Tuesday, August 12, 2008

Twelfth Night

There is a phrase used in the arts, that sometimes the appreciation of an art form requires “suspension of disbelief.” That is, the audience agrees to suspend judgement in exchange for a promise of entertainment. In theater, there is smoke and mirrors, makeup, costumes and magic. We believe a 40 year old balding tenor is actually a 20 year old hunk; we believe the blonde, blue-eyed girl is really a native of a south sea island; we believe the skinny guy can really lift that huge set of weights.

It is recommended that people leave their disbelief at the Buckhorn before going across the street to see the Winters Community Theater production of William Shakespeare’s comedy, “Twelfth Night,” continuing through August 16 in the amphitheater behind the Winters Community Center, under the direction of Howard Hupe.

Janette Dahn and Dominic Orlando play twins, Viola and Sebastian, shipwrecked off the island of the shores of Illyria. Neither knows the other has survived. Viola decides to dress in her brother’s clothes and pass herself off as a young page named Cesario, under which guise she enters the service of Duke Orsino (Trent Beeby). She finds herself attracted to her new boss.

Orsino is in love with Lady Olivia (JoAnn May), grieving the death of her father and brothers. Orsino sends Cesario with messages of love to Olivia, who wants nothing to do with Orsino, but finds herself attracted to the young page.

After a lot of back and forth, intrigue and conniving, Viola and Sebastian are reunited and the citizens are shocked -- I tell you shocked – to realize that there are two of them, when they look identical

And herein lies the suspension of disbelief because not only are the twins different genders, but Sebastian is head and shoulders taller than his twin sister, a little matter the woman he has just married seems not to have noticed!

But we suspend disbelief in exchange for promise of entertainment, and entertainment there is in this rollicking production. Though fighting the sound of motorcycles riding back and forth across the bridge into Winters and wind that blew the on-stage trees over several times, the cast continued on gamely and turned in an evening worth the drive out to Winters.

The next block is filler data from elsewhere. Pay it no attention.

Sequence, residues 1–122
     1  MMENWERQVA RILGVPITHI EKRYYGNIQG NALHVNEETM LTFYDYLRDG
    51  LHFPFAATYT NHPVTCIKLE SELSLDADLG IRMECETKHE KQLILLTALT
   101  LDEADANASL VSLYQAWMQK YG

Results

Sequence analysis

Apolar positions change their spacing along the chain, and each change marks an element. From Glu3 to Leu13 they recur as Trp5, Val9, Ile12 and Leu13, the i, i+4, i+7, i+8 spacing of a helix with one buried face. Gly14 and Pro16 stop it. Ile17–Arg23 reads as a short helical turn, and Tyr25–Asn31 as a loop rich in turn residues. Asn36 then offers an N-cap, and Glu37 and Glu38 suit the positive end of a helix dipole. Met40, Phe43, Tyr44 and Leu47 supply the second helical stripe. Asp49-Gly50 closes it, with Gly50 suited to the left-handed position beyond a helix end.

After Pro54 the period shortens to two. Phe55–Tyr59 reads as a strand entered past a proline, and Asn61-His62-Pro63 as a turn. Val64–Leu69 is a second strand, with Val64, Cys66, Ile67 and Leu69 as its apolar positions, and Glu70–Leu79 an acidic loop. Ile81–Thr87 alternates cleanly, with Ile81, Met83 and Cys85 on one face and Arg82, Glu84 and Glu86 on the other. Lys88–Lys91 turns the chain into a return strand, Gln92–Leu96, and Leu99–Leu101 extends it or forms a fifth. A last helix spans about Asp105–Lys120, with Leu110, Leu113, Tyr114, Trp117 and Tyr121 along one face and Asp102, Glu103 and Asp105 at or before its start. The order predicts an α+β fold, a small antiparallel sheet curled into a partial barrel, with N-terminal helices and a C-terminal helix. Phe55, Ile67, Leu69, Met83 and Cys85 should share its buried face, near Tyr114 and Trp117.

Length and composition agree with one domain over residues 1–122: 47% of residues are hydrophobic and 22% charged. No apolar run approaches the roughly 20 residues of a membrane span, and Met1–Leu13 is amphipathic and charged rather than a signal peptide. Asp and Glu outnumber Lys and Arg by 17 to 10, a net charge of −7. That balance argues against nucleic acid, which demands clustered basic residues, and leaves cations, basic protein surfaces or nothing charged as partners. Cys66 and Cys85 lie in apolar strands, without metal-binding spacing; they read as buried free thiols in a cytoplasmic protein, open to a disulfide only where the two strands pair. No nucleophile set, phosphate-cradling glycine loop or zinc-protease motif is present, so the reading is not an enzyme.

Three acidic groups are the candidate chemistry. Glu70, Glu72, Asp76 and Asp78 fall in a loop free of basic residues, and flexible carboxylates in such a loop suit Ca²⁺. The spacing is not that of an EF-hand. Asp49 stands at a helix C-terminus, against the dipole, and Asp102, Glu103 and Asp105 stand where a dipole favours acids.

The production is edited and lasts just two hours (including a 20 minute intermission) from start to finish. “We say the beautiful poetry, but we cut some of the extraneous scenes to make it run well,” says Germaine Hupe, who also acts as narrator and plays Maria, Olivia’s gentlewoman. “Gentlewoman” is an apt description of Hupe, who is gracious and “gentle,” whether she’s setting the scene, tending to Olivia, or plotting a fiendish trick on Malvolio (Michael Barbour), Olivia’s pompous head steward.

Trent Beeby is Orsino, the Duke of Illyria, and gives a solid performance.

But perhaps the night belongs to Larry Justice, as Sir Toby Belch, Olivia’s uncle, whose drunken revels are legendary. Justice is over the top and very funny, as is his foil, Sir Andrew Aguecheek (Philip Pittman), who puts up with a lot in the hope of an opportunity to woo the fair Olivia.

Dahn turns in a fine performance as Viola, completely believable in her male garb and in her feelings for Orsino.

JoAnn May is a controlled, regal Olivia, finding her grieving heart reawakened by her growing feelings for the young Cesario.

Barbour is less malevolent as Malvolio than pompously righteous, and later downright silly as he plays into the hands of the crew determined to bring him down a peg or two.

Kirsten Myers is particularly enjoyable as Feste, Olivia’s jester. She displays a lovely singing voice and her laughter as she plots with Maria, Toby and Andrew to make a fool of Malvolio is infectious

Director Howard Hupe shows up in two brief roles, as a Sea Captain in the opening scene, helping settle Viola onto the island, and later as the priest who marries Sebastian and Olivia. Though Hupe is generally in the director’s chair, even in these two small roles, his acting talent is apparent.

Others in the cast include Maureen Hallett as Orsino’s valet and, later, a police officer, Stephen Catanio as Antonio, a friend of Sebastian, Colleen Hallett as Olivia’s servant, and Tom Neely as a police officer.

The setting is lovely for this summer’s evening comedy, with a stage nestled along the banks of Putah Creek, and a nice terraced seating area (though patrons might be more comfortable if they bring chairs). At $5 per ticket, it’s definitely an affordable way to spend the evening. All children under 12 are admitted free, if they come with a responsible adult.

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